Secure Access Service Edge (SASE) has been a hot topic since Gartner defined it as a new category of offerings combining wireless area network (WAN) capabilities with network security functions. Everyone agrees SASE makes sense conceptually, but when it comes to turning idealistic frameworks into realistic IT approaches, misconceptions abound. Here’s where SASE principles can be taken too far and where IT buyers may get a bit too starry-eyed. 

Misconception #1: SASE Mandates Zero Daisy Chains
Gartner’s 2019 Hype Cycle for Enterprise Networking included this warning statement about virtual machine service chains (also known as daisy chains) that can sometimes lead people astray:

“Software architecture and implementation matters. Be wary of vendors that propose to deliver services by linking a large number of features via [virtual machine] service chaining, especially when the products come from a number of acquisitions or partnerships. This approach may speed time to market but will result in inconsistent services, poor manageability, and high latency.”

Solution architecture is important, and yes, you want to minimize the number of daisy chains to reduce complexity. However, it doesn’t mean you cannot have any daisy chains in your solution. In fact, dictating zero daisy chains can have consequences — not for performance, but for security. 

SASE consolidates a wide array of security technologies into one service, yet each of those technologies is a standalone segment today — with its own industry leaders and laggards. Any buyer who dictates “no daisy chains” is trusting that one single SASE provider can (all by itself) build the best technologies across a constellation of capabilities that is only growing larger. Being beholden to one company is not pragmatic given that the occasional daisy chain greatly increases the ability to unite best-of-breed technologies under one service provider’s umbrella. Here are a few more reasons why daisy chains are needed: 

  • No single vendor, particularly a startup, can effectively deliver on all areas of SASE security with a level of product maturity, mastery, and best practices that businesses need and expect in today’s landscape of relentless attackers. SASE capabilities should be proven on the harsh cyber battlefield, and most startups don’t survive.
  • Any incremental complexity stemming from a strategically placed daisy chain or two should be managed by the provider and should not impact the customer. If a SASE platform performs above expectations, then why should the number of daisy chains matter?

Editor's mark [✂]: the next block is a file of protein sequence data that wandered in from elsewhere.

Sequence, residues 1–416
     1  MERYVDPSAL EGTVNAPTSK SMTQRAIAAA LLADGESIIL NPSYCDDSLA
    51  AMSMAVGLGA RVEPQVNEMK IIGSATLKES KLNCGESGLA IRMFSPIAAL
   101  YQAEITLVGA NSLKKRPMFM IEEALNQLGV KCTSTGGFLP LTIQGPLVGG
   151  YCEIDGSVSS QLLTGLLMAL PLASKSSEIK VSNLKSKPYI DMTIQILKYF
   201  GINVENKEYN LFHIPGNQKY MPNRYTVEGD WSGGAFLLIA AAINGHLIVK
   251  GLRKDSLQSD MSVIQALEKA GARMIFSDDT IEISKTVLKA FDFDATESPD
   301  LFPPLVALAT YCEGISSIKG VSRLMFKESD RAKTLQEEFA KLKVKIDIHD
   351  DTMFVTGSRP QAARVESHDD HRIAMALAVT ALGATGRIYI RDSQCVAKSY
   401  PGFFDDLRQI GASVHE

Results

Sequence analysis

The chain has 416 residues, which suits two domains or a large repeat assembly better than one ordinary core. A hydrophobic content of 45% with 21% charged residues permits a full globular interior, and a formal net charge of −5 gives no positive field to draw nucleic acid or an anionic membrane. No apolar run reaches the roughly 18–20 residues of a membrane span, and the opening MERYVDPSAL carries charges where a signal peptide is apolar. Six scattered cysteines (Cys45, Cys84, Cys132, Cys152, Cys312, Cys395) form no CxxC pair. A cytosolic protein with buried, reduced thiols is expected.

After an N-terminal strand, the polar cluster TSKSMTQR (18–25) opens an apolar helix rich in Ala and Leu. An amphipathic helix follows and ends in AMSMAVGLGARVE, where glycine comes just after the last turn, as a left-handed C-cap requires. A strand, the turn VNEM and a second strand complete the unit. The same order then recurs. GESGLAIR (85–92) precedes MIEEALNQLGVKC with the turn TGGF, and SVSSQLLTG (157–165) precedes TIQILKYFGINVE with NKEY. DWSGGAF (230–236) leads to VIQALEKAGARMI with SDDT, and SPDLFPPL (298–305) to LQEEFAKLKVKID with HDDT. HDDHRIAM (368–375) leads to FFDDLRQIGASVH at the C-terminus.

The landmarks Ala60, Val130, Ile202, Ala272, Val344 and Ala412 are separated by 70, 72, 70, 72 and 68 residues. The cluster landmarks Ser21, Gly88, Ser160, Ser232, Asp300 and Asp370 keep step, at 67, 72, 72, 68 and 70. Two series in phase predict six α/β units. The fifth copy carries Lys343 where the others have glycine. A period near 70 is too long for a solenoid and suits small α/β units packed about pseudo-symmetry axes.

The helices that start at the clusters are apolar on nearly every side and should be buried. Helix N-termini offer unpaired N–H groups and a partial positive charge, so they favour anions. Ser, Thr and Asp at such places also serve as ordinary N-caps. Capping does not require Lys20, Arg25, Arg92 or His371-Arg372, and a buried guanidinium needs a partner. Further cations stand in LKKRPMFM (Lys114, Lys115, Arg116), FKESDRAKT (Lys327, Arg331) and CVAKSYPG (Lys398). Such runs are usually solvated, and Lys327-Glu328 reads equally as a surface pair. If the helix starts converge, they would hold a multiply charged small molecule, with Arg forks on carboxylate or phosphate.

• “No daisy chains” implies technology acquisitions and large market consolidation, meaning a small number of very large SASE providers may have too much market power, stifling innovation and raising prices. That’s not always good for IT buyers.

Misconception #2: You Must Take an All-Cloud Approach With SASE
SASE revolves around the cloud and is undoubtedly about speed and agility achieved through cloud-deployed security. But SASE doesn’t mean the cloud is the only way to go and you should ignore everything else. Instead, IT leaders must take a more practical position, using the best technology given the situation and problem. For example, on-premises next-gen firewall appliances are usually still the best option for large offices where performance and total cost of ownership are the key goals. If your SASE approach is cloud-first but not cloud-only, make sure your solution follows suit. 

Misconception #3: SASE Will Solve All Your Security Problems
Don’t assume SASE is a total solution. SASE covers a lot of ground, but it does not cover all the technologies a company needs to secure a remote-work and multicloud environment. For example, cloud workload protection (CWP) and endpoint detection and response (EDR) are critical in securing user and cloud computing environments but are not part of the SASE framework. Although EDR is a primary technology for addressing ransomware, a skyrocketing threat vector, it is excluded from SASE because it does not require network traffic inspection to function. Rather, it’s an agent-based solution that monitors operating system activity and integrity.

Moreover, SASE addresses only the technology components of an effective security program, leaving out the experts required for 24/7 security monitoring and mature incident response. Without a dedicated team of security analysts, security technologies are ineffective — whether they are included in SASE or not. Professional skills are necessary to investigate threats and stop them before major damage is done.

Purity vs. Pragmatism
SASE is all the rage, promising the ideologies that IT leaders have dreamed about for years, but taking a purist approach may have consequences. Hardline expectations around daisy chains and the cloud should be softened in favor of maximizing security excellence and business outcomes. Likewise, SASE solutions need to be compared against the broader security and network strategy, seeing where it adds value and where it may still fall short. By taking a pragmatic approach, companies can make ideologies tangible, achieving agility and productivity with ready-made security.